Vernal pools

Springtime brings these seasonal pools, home to frogs and salamanders and a tiny kind of shrimp. The pools dry up in summer and can't support fish; ergo, otherwise-helpless species needing water thrive there. A swarm of tadpoles would be like chocolate pudding to your average perch or bass.
The frogs, both wood frogs and spring peepers, hibernate during the winter under a thin layer of loam or leaves. They survive by icing up. All the fluids in their bodies freeze, but not quite solidly, thanks to an over-production of urea and other antifreezes in the late fall. An excellent tactic for Maine winters. Then in the spring they thaw, migrate to the pools (in most cases the same ones they were born in), advertise for companions, mate, produce eggs, and hatch tadpoles. See the blobs of pudding in the pictures below.
The males are the ones doing the advertising, of course. We heard them peeping last night as we drove home from an anniversary dinner in Rockland, an absolutely distinctive sound, like no other, like pure joy sent up to heaven from earth. It's just chemicals, I know, but I'd like not to believe that, especially in the face of evidence like 23 joyous years of migrating to Maine with my own wonderful companion.




Saturday, May 9, 2009

At last





















Spring's been coming for a long time but this past week's trial of wind and rain and 45 degrees on the coast did tend to set spirits back a bit. Until yesterday. I don't want to jinx anything, but it really was a perfect day.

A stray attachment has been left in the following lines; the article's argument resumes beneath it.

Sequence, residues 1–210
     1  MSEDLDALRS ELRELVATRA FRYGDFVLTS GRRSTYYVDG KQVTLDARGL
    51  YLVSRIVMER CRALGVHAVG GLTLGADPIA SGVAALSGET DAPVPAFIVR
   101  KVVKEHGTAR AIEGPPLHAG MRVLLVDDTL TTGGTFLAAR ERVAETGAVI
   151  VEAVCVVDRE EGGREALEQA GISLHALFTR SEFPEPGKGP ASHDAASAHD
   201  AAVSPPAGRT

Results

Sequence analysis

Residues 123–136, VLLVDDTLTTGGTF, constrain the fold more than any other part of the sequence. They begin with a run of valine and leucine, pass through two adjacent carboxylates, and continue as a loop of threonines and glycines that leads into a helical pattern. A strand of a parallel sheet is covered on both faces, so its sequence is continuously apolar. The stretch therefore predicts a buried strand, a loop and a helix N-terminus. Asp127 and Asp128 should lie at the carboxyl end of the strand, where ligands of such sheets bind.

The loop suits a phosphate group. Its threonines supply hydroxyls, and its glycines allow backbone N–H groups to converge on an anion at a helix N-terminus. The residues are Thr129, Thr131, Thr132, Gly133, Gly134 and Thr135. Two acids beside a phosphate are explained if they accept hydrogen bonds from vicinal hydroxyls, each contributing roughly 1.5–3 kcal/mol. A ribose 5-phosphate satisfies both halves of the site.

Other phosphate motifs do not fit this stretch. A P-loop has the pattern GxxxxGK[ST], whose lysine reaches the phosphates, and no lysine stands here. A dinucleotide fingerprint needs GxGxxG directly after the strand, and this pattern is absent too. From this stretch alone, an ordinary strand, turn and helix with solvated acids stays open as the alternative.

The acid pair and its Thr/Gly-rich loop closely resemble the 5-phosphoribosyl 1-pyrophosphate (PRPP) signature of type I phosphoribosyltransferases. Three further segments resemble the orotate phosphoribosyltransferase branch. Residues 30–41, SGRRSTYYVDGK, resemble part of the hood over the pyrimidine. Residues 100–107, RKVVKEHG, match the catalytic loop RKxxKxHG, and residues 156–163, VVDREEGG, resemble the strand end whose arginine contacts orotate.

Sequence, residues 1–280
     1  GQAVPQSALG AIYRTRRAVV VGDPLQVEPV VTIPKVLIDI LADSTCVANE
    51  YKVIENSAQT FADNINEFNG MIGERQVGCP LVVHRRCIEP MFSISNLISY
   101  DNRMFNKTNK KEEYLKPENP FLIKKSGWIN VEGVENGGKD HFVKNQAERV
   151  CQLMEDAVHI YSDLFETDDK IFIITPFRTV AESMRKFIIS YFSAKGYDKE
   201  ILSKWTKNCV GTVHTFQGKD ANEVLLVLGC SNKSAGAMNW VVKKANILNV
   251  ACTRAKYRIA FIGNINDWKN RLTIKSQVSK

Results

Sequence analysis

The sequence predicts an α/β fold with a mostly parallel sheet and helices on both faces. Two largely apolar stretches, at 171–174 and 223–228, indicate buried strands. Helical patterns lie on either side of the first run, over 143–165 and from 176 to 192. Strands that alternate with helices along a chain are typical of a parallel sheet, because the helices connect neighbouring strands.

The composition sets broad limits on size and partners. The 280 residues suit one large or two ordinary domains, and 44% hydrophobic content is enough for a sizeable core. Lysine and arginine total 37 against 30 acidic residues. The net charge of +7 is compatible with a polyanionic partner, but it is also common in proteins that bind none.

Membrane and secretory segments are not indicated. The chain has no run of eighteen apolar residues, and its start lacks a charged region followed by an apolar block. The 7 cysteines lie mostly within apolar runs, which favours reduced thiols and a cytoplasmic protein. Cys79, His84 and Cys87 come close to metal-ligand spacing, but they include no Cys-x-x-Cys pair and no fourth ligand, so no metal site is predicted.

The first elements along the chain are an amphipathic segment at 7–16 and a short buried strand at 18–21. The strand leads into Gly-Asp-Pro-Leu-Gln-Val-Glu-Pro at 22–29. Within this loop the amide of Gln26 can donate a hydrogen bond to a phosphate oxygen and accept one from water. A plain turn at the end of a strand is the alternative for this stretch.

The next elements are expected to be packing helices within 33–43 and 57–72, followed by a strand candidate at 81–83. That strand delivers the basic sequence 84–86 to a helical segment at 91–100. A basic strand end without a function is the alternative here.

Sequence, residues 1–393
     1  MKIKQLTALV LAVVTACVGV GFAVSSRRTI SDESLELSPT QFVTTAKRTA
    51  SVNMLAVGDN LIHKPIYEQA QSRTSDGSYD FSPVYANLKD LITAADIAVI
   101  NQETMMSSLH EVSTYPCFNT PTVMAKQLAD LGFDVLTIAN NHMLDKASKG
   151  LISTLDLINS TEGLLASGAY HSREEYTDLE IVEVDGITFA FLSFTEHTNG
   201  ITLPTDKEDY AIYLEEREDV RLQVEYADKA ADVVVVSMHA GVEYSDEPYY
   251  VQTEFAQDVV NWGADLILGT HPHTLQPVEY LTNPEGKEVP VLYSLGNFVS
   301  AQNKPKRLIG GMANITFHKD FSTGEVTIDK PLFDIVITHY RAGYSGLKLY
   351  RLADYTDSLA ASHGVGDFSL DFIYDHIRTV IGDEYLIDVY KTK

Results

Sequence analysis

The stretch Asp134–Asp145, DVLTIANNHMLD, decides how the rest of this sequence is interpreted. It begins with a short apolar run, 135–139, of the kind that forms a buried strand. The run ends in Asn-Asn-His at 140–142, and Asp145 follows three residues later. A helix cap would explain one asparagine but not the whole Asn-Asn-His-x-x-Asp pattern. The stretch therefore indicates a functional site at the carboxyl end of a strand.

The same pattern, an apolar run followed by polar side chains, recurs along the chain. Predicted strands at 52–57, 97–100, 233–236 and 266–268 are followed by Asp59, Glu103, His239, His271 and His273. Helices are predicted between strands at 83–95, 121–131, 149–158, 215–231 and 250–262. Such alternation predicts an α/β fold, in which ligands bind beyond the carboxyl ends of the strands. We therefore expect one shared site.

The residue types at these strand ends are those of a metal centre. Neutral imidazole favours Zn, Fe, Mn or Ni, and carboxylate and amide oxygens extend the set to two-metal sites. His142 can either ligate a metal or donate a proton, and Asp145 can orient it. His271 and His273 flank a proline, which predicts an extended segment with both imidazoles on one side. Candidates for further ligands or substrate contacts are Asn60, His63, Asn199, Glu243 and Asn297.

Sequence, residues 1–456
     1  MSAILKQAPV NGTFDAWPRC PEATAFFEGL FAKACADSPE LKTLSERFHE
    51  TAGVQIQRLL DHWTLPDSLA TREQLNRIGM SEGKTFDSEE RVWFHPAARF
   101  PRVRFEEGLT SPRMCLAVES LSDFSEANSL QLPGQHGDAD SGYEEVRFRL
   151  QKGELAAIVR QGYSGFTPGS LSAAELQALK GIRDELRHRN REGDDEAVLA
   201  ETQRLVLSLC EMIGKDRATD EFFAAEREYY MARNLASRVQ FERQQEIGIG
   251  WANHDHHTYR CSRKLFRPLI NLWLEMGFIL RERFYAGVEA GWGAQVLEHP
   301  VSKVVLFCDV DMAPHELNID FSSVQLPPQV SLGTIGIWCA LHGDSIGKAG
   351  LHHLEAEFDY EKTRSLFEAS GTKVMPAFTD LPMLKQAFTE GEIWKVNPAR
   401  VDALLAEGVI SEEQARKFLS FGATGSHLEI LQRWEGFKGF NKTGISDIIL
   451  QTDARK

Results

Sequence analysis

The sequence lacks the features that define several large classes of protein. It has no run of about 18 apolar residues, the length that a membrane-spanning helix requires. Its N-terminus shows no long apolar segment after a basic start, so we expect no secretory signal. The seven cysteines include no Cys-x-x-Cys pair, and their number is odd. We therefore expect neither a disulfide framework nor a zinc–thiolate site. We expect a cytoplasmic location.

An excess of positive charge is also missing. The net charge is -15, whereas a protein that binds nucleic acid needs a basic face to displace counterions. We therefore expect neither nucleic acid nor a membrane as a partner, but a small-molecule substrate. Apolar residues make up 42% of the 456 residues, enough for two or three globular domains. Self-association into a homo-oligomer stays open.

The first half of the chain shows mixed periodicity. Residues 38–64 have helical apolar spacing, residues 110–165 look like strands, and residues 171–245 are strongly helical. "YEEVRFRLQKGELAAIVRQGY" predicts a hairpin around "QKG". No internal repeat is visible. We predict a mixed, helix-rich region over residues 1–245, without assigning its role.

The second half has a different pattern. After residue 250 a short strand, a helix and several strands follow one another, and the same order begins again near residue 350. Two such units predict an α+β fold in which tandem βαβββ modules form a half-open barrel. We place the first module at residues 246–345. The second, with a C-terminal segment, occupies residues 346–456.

Our favorite walk through Rockport includes a road through the golf course. Say what you will (and I do) about the frivolous use of land, but the beauty of open, grassy meadows contrasted with sky and water and trees is not really a natural occurrence. This particular treat for the eyes needs fairways, or cows in meadows (which Rockport also has).

One of my favorite things about spring is the color of the new leaves - that pale yellowish-green that looks so hellish on bad art and golfers' pants and so heavenly on trees. It's such a tender and vulnerable color that pollen is not the only thing makes me tear up in spring.

Just to be cruel, or realistic, six months ago the golf course looked quite different.


Friday, May 8, 2009

Free speech

The Constitution must have been proudly on display the other night at Camden's Select Board meeting. Free speech was debated, specifically the right to conduct free speech on the Village Green.